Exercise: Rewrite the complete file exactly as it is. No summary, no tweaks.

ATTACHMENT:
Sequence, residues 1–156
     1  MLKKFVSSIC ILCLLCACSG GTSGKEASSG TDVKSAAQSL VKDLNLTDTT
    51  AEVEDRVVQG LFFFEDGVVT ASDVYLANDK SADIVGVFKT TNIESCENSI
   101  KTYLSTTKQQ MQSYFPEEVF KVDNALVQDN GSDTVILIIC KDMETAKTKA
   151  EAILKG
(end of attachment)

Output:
Sequence, residues 1–156
     1  MLKKFVSSIC ILCLLCACSG GTSGKEASSG TDVKSAAQSL VKDLNLTDTT
    51  AEVEDRVVQG LFFFEDGVVT ASDVYLANDK SADIVGVFKT TNIESCENSI
   101  KTYLSTTKQQ MQSYFPEEVF KVDNALVQDN GSDTVILIIC KDMETAKTKA
   151  EAILKG